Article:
Functional Gastrointestinal Disorders/IBS Considered Presumptive Service-Connected Disabilities for U.S. Gulf War Veterans

UPDATE: These regulations have since been expanded to veterans with service in Afghanistan at any time since September 19, 2001.

Next week, on August 15, updated regulations go into effect at the U.S. Department of Veterans Affairs (VA), recognizing functional gastrointestinal disorders as disabilities with “presumptive” service connection for any member of the U.S. military who has served in various countries in the Persian Gulf/Southwest Asia region since August 2, 1990. IBS is specifically mentioned. However, according to the Federal Register, gastroesophageal reflux disease (GERD) is considered structural, not functional, and it is specifically excluded in these regulations.

Functional gastrointestinal disorders are being added to a list of other “medically unexplained chronic multisymptom illnesses” that have been similarly classified, including fibromyalgia and chronic fatigue syndrome, two non-GI disorders that commonly overlap with IBS.

What this means is that a functional gastrointestinal disorder, such as IBS, diagnosed in a veteran who served in this region during the stated time period and rated by the VA as at least a 10% disability will automatically be assumed to be related to his or her military service. This is very good news for people who qualify because, in most cases, in order to claim VA disability compensation, a veteran must prove that the disability is service-connected. Claims based on presumptive conditions do not require as high a standard of proof as other conditions. Please note that these regulations apply only to VA disability compensation, not other disability benefits administered by different systems, such as Social Security.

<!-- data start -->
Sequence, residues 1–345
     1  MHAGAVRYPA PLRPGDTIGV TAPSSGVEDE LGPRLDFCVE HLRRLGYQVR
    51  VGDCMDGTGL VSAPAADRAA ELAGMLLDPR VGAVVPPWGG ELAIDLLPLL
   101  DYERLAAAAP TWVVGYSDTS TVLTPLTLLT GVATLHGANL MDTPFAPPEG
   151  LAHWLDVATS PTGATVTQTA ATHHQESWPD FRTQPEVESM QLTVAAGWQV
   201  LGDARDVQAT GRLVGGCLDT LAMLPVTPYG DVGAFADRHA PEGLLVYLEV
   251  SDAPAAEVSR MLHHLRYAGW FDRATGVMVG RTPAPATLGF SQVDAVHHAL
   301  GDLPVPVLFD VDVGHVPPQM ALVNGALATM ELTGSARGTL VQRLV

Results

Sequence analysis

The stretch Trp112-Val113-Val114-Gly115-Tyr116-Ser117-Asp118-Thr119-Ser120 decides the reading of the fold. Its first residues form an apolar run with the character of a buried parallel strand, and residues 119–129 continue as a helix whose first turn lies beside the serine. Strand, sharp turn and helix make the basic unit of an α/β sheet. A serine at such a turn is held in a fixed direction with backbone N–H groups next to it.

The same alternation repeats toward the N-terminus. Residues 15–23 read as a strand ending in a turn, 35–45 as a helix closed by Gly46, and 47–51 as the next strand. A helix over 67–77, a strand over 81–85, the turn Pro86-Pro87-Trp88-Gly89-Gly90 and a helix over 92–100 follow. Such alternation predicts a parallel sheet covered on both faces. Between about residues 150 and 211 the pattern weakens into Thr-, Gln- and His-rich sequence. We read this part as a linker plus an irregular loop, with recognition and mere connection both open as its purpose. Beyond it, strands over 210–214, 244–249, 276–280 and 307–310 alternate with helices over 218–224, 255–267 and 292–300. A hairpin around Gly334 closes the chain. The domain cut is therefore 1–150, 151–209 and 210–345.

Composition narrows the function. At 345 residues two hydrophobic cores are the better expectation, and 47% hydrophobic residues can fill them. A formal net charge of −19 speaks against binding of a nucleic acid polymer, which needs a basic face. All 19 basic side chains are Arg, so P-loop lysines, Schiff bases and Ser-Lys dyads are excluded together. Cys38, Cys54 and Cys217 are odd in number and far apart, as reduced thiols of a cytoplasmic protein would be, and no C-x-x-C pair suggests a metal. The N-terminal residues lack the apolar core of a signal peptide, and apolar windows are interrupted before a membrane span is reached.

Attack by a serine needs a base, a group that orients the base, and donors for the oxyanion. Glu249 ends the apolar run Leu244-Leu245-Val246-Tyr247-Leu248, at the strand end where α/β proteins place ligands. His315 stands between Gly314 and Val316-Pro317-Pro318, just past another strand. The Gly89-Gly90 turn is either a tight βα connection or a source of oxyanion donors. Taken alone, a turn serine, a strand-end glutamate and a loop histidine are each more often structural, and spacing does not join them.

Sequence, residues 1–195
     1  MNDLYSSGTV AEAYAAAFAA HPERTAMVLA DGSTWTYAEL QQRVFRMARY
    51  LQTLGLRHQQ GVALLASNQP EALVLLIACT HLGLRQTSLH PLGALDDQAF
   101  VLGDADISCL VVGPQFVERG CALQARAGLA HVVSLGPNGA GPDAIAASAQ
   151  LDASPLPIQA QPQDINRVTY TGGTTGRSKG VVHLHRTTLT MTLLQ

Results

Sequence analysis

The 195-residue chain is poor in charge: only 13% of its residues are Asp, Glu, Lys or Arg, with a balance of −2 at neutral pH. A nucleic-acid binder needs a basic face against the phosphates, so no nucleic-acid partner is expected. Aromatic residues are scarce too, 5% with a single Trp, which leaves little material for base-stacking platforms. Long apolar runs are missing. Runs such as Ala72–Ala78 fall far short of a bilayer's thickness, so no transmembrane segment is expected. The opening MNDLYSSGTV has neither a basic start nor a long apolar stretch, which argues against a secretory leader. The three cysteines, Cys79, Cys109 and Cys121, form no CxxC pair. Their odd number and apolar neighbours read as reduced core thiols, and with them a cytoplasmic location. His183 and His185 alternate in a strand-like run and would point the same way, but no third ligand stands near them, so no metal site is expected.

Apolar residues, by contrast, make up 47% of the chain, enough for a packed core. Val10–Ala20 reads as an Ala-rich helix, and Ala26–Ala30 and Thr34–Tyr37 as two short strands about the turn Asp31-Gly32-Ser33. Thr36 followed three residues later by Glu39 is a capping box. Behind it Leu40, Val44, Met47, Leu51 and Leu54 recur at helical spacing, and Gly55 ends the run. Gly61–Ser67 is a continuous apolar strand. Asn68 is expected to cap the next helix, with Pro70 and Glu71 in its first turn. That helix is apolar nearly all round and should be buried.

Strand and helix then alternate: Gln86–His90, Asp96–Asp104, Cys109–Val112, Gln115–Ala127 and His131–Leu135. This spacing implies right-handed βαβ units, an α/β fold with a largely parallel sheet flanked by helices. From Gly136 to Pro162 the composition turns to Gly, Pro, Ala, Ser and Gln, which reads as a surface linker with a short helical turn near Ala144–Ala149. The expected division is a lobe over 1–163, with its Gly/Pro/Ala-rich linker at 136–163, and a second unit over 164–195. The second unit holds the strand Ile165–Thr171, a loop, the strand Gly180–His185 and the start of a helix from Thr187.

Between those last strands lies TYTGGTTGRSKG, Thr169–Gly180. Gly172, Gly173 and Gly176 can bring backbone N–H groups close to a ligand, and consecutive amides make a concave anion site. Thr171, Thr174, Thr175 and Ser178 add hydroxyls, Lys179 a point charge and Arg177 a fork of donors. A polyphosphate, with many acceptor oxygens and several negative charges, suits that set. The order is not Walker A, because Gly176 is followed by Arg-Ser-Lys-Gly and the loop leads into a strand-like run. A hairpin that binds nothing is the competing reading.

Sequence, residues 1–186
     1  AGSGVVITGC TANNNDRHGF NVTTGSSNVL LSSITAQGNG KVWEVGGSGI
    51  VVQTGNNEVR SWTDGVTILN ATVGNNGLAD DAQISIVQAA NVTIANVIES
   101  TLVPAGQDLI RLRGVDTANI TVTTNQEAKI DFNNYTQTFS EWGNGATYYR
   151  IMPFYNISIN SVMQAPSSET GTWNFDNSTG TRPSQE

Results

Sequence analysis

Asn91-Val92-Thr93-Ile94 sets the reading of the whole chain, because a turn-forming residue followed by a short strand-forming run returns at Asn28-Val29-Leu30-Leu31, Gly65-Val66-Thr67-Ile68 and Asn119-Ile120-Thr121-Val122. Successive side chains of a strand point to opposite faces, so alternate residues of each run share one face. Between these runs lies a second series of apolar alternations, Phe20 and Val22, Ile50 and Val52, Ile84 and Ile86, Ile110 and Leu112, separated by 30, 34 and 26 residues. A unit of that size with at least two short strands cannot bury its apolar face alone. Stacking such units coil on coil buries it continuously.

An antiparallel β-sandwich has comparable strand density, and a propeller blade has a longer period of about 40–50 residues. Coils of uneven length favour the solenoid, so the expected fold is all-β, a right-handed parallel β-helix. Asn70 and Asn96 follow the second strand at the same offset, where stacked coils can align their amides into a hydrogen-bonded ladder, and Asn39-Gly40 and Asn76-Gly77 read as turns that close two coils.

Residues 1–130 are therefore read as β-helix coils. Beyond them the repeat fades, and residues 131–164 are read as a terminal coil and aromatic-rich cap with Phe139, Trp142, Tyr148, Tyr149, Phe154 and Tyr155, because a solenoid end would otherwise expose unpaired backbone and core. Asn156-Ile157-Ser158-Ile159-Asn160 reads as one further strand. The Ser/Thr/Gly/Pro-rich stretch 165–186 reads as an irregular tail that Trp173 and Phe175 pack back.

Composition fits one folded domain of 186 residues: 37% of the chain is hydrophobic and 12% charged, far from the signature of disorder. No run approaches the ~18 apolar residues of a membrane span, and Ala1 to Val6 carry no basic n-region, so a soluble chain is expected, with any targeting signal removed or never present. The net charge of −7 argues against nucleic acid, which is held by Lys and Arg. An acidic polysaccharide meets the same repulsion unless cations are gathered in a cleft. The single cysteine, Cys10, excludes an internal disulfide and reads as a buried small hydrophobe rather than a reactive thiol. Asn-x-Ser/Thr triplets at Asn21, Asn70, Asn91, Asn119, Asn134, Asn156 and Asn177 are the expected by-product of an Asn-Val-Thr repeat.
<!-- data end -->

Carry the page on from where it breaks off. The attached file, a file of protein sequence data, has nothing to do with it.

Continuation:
IFFGD reports that two recent studies have shown that active duty service members and veterans are disproportionately affected by functional gastrointestinal disorders like IBS because of chronic stress and high risk of exposure to gastrointestinal infections during deployment. IFFGD has testified before the Senate Defense Appropriations Subcommittee about adding functional gastrointestinal disorders to the list of eligible conditions for the Department of Defense Peer Reviewed Medical Research Program fiscal 2012 budget and is asking the functional gastrointestinal community to support this effort. For U.S. citizens who are interested in doing so, please see IFFGD’s action alert here.

These developments appear to be very positive and concrete progress for the many U.S. service members and veterans struggling with IBS and related disorders. It is a large step forward in the recognition of these often misunderstood and trivialized conditions as legitimate and potentially disabling. IBS Impact hopes that civilian entities in the U.S. and other countries will look to this example and follow suit in the not too distant future.

3 Responses to Functional Gastrointestinal Disorders/IBS Considered Presumptive Service-Connected Disabilities for U.S. Gulf War Veterans

  1. Tom Trefts says: